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Can you become drunk without drinking alcohol? Here’s how it could happen

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While some people might have experienced the feeling of “being drunk” the morning after they consumed excessive amounts of alcohol, is it possible to feel intoxicated without ever drinking an alcoholic beverage?

Although it’s extremely rare, experts say it can happen.

The phenomenon is called auto-brewery syndrome, or ABS, according to Dr. Douglas Dieterich, M.D., director of the Institute for Liver Medicine at the Mount Sinai Health System in New York City.  

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The syndrome occurs when a patient’s gut gets colonized by a fungus that metabolizes carbohydrates and sugar into alcohol through fermentation, the doctor told Fox News Digital.

Before diagnosing a patient with ABS, Dieterich said that doctors “should always rule out other causes and make sure the patient is not drinking surreptitiously.”

Auto-brewery syndrome occurs when a patient’s gut gets colonized by a fungus that metabolizes carbohydrates and sugar into alcohol through fermentation, a doctor told Fox News Digital. (iStock)

Here’s a deeper dive.

A real-life case of auto-brewery syndrome

In one recent case study published in the Canadian Medical Association Journal, a 50-year-old woman had not consumed alcohol. Yet she continually had symptoms associated with intoxication, including the smell of alcohol on her breath, slurred speech and elevated blood alcohol levels during several emergency department visits.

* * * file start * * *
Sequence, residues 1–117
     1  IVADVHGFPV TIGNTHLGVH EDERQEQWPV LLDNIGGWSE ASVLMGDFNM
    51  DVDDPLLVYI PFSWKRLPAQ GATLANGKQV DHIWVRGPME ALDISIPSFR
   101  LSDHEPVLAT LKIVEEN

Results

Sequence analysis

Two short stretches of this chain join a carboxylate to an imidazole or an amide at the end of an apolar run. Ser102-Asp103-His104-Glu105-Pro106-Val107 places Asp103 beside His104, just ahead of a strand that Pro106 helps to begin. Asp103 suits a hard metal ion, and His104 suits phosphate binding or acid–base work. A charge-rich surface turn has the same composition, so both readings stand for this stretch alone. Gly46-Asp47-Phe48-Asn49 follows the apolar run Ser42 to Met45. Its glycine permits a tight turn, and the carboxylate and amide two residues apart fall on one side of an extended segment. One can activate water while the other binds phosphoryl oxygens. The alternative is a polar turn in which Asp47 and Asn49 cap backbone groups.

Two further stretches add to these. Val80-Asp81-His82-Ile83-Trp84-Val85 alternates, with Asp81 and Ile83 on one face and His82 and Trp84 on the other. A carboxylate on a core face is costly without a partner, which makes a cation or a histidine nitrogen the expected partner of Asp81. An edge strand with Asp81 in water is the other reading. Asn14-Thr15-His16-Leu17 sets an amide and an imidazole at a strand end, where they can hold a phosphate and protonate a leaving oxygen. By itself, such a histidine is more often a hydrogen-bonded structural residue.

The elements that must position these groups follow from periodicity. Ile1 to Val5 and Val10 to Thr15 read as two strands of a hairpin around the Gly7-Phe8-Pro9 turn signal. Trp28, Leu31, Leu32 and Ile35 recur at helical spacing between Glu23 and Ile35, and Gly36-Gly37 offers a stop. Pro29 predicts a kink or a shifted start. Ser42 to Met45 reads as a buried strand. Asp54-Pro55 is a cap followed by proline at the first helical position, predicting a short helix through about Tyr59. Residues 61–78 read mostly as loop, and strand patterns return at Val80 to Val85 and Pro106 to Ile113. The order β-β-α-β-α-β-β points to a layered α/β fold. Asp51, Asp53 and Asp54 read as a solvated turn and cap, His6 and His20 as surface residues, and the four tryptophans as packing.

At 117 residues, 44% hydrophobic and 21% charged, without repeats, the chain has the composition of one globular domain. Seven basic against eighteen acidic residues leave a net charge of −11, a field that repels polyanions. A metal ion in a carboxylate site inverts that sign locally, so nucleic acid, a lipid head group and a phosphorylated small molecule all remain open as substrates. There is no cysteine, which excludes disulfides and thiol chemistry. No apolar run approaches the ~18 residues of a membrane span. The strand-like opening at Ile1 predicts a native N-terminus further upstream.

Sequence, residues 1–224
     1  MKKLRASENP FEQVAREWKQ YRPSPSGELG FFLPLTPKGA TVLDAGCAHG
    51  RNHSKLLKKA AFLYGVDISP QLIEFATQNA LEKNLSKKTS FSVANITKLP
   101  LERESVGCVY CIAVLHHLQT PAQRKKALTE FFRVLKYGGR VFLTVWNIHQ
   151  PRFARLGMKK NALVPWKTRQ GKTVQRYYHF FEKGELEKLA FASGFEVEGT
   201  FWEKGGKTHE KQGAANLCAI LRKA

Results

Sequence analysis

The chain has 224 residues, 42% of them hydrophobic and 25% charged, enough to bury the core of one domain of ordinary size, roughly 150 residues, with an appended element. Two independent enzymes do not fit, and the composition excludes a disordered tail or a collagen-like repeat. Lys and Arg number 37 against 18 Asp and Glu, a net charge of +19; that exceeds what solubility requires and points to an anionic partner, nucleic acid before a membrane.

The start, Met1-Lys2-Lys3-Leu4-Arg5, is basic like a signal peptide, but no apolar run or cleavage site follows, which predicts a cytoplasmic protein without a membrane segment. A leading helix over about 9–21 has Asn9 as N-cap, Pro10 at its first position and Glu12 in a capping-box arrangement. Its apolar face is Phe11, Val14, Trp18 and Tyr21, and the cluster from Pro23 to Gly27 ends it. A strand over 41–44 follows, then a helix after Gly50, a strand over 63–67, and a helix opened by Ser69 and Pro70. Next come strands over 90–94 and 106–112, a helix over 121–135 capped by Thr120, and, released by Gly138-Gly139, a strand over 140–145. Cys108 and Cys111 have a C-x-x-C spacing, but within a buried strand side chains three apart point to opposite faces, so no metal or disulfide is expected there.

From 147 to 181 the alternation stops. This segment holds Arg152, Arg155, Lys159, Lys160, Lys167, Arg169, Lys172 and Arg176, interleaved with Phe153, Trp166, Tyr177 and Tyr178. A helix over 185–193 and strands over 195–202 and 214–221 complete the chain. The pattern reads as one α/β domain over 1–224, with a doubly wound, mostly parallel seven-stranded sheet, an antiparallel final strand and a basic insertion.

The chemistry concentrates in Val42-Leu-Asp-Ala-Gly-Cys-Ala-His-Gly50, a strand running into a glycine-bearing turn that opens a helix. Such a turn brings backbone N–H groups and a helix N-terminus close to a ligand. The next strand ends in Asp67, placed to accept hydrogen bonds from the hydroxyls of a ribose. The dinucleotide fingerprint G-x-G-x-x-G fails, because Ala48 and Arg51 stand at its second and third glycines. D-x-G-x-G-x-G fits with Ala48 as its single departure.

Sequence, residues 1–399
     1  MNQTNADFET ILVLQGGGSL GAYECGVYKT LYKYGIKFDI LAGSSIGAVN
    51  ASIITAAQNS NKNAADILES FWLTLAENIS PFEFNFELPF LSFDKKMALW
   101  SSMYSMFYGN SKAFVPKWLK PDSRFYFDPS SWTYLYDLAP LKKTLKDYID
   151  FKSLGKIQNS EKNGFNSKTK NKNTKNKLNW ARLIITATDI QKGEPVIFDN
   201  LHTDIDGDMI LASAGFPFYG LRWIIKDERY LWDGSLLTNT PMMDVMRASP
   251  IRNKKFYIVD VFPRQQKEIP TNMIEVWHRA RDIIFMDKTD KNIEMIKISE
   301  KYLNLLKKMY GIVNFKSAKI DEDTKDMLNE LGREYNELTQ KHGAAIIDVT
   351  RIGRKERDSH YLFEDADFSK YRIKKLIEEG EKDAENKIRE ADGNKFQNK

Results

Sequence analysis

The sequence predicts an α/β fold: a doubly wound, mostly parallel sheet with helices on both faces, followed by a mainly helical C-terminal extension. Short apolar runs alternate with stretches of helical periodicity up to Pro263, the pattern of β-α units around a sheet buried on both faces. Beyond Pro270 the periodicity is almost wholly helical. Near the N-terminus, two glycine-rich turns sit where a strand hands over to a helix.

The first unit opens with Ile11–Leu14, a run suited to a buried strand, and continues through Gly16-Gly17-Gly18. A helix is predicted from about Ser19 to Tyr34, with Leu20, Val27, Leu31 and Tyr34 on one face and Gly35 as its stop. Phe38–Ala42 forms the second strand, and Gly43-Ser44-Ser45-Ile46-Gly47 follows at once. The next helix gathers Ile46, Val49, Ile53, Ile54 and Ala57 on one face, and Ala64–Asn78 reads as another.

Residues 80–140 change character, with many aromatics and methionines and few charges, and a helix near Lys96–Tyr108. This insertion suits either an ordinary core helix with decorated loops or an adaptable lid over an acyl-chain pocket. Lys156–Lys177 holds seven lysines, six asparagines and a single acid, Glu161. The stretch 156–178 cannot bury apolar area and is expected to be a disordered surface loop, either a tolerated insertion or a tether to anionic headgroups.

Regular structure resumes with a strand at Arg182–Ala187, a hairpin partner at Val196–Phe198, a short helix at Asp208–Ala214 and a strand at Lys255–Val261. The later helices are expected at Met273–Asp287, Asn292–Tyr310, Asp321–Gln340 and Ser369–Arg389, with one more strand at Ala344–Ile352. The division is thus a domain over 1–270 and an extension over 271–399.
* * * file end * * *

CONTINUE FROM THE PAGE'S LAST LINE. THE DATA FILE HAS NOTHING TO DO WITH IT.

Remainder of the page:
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The woman had a history of recurrent urinary tract infections that were treated with several courses of antibiotics, along with medications to reduce stomach acid.

Eventually the patient was diagnosed with auto-brewery syndrome, according to the published report.

Woman losing balance

In a recent case study, a woman (not pictured) continually showed symptoms associated with intoxication, including having the smell of alcohol on her breath, slurred speech and elevated blood alcohol levels — even though she had not consumed alcohol. (iStock)

“ABS carries paramount medical, legal, social and financial consequences for patients and their loved ones,” Dr. Rahel Zewude, lead author of the study and an infectious diseases and microbiology fellow at University of Toronto in Canada, told Fox News Digital.

“Therefore, awareness of this rare syndrome in the medical community, as well as in the general public, can be instrumental in reducing delays in diagnosis.”

“ABS carries paramount medical, legal, social and financial consequences for patients and their loved ones.”

The woman in the case study saw her physician and visited the emergency department at least seven times over a two-year period. She complained of excessive sleepiness, slurred speech, falls and alcohol smells on her breath.

During her first ED visit, she was diagnosed with alcohol intoxication after having an elevated blood alcohol limit at 39 mmol/L (normal is 2 mmol/L or less) — despite her reports of not consuming alcoholic drinks, which family members verified.